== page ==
Students can win a Fitbit and a Wyoming State Parks pass by drawing a poster that raises awareness about radon.

On Thursday, the Wyoming Department of Health announced a poster contest for Wyoming students in grades three through nine.

“We are asking Wyoming’s youth to use their creativity to help us tell the story of radon and its risks,” Star Jones, outreach and education coordinator with the health department’s Wyoming Cancer Program, said in a press release.

Radon is a colorless, odorless, tasteless gas that forms naturally when radioactive materials break down in rocks, soil and groundwater. It enters homes and buildings from the soil. Breathing radon damages lung tissue, which can increase a person’s likelihood of developing lung cancer.

“While all homes have radon, higher levels of radon can mean a health concern linked to lung cancer,” Jones said.

The Environmental Protection Agency considers Teton County, along with most of the state, a Zone 1 Radon Area. That means predicted average indoor screening levels are greater than the threshold of 4 picocuries per liter of air (pCi/L).

In 2018, the health department sold 146 test kits that were returned for analysis. The average was 4.8 pCi/L.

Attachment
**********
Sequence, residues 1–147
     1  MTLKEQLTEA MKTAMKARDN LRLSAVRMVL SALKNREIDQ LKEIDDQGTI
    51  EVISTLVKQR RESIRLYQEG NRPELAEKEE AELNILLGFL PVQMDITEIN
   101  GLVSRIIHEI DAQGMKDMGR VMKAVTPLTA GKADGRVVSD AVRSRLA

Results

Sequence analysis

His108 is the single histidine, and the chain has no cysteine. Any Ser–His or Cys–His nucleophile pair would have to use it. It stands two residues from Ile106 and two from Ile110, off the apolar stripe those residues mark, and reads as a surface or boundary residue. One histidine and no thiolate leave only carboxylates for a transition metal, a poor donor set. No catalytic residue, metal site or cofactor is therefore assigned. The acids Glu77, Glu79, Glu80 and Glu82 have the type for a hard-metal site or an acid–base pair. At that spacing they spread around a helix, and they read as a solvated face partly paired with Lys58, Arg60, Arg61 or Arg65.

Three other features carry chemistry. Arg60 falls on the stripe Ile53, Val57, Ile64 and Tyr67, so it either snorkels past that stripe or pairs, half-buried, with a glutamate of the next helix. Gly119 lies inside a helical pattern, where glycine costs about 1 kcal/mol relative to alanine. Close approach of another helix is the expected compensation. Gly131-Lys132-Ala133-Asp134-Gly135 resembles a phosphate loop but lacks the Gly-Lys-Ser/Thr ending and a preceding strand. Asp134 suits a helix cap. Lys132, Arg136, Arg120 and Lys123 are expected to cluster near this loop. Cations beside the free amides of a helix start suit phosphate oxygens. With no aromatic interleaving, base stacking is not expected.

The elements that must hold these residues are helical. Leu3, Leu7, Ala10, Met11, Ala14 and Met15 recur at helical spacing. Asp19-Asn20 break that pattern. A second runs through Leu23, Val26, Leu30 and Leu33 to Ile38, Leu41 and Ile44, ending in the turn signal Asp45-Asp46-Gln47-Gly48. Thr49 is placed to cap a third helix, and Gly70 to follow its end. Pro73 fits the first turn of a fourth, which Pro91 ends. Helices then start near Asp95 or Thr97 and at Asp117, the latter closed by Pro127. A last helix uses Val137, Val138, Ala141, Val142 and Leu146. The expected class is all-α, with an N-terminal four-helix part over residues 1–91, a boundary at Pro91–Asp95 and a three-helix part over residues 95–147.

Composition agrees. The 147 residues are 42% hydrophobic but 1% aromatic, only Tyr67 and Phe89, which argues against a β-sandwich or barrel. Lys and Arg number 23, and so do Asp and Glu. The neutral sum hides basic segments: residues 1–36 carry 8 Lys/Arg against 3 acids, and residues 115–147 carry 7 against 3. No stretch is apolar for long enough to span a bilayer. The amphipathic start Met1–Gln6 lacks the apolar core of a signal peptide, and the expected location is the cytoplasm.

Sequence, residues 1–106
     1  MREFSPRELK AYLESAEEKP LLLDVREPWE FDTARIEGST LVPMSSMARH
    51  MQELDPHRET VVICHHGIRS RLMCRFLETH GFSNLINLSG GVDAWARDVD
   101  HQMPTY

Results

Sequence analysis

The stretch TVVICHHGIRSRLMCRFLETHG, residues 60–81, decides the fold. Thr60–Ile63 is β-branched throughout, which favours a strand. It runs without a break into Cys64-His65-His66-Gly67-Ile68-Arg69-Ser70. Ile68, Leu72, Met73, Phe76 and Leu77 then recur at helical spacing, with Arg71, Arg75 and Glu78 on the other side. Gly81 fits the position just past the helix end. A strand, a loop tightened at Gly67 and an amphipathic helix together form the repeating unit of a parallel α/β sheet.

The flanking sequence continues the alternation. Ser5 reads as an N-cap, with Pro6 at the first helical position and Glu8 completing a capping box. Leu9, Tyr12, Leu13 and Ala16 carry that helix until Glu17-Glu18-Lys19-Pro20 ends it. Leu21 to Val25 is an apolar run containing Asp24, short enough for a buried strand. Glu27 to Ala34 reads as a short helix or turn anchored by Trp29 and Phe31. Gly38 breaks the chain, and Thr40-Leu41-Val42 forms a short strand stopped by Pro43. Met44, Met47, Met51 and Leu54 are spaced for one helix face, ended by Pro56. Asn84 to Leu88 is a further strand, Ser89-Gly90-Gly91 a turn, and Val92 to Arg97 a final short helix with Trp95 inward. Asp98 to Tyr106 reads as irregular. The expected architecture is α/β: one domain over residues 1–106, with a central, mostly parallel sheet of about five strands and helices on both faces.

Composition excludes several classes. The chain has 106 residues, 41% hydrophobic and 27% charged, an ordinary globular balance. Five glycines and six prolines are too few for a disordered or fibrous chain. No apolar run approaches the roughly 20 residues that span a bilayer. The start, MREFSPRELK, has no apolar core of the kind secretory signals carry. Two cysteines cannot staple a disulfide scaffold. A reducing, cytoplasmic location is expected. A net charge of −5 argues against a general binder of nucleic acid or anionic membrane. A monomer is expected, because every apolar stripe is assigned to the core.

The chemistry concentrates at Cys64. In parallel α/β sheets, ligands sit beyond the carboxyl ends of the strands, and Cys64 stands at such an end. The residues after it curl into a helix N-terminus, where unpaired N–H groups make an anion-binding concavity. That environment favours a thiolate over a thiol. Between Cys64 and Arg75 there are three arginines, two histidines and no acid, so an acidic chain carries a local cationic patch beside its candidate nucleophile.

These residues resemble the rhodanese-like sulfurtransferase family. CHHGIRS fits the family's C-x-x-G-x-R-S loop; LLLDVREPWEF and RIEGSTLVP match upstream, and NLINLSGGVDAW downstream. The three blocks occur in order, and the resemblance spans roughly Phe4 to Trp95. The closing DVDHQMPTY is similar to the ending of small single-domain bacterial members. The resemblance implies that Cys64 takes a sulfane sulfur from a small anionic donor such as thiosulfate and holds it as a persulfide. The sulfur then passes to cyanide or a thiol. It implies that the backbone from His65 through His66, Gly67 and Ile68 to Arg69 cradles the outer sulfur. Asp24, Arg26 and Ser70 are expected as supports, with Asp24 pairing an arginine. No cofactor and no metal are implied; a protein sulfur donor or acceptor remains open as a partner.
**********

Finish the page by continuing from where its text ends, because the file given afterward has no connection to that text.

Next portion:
If you find elevated radon levels, have your home inspected or mitigated by a certified radon inspector.

Posters must focus on one of the following themes: What is radon; where does radon come from; how does radon get into our homes; radon can cause lung cancer; or test your home for radon.

The contest deadline is May 10. Entries will be divided into groups for grades three through six and seven through nine. The top two winners in each group will receive prizes, including a Fitbit and a Wyoming State Parks pass for first place and a State Parks pass for second place.

All participants will receive a free radon test coupon.

Entries can be mailed to WY Radon Poster Contest, Attn: Aaron Fegenbush, Wyoming Cancer Program, 6101 Yellowstone Road, Suite 510, Cheyenne, WY 82009.

The required artwork submission form is at WyomingRadon.org.

Contact Kylie Mohr at 732-7079 or health@jhnewsandguide.com.

Kylie Mohr covers the education and health beats. Mohr grew up in Washington and came to Wyoming via Georgetown. She loves seeing the starry night sky again.

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